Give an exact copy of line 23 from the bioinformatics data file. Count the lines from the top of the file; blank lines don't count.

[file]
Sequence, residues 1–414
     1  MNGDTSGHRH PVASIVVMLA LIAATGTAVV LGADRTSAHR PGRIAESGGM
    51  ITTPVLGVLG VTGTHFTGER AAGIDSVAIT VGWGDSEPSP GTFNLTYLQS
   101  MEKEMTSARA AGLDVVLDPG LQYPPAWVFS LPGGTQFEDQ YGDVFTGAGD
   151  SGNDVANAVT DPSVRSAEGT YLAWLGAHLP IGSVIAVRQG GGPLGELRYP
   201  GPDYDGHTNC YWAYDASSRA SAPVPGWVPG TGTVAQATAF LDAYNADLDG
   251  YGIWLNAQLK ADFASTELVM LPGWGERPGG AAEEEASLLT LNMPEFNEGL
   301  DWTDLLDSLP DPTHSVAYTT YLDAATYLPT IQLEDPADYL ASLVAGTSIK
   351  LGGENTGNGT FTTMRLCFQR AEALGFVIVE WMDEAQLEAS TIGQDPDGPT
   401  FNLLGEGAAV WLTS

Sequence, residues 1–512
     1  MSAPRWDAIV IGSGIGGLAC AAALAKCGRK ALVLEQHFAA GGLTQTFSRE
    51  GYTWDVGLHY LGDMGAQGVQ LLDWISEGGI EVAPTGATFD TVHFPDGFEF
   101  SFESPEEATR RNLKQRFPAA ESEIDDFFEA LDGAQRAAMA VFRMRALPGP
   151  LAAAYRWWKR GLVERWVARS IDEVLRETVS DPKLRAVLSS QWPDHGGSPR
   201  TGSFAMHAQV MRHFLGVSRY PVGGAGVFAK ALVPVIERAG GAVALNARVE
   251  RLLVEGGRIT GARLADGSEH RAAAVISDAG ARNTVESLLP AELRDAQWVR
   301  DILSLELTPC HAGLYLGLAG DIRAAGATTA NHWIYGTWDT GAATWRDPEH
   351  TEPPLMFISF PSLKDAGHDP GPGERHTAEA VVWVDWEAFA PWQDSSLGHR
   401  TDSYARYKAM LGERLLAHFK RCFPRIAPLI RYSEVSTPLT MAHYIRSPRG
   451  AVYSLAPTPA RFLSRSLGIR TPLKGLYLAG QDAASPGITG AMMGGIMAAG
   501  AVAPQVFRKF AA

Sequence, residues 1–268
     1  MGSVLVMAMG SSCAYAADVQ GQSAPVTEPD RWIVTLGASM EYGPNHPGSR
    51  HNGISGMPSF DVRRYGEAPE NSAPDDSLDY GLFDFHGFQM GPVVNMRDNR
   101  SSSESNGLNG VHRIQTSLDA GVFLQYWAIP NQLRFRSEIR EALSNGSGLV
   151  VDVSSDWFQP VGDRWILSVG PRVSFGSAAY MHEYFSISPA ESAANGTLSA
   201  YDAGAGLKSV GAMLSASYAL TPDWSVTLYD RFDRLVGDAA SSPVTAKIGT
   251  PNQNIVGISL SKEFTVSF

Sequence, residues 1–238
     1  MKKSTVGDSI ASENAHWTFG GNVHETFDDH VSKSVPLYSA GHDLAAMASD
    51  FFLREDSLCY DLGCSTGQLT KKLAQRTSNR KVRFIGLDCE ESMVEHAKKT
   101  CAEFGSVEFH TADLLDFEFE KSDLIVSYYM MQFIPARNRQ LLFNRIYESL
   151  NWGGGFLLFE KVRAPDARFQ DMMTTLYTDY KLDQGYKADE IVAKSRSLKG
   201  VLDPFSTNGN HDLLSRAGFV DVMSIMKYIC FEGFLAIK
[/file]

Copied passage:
Sequence, residues 1–268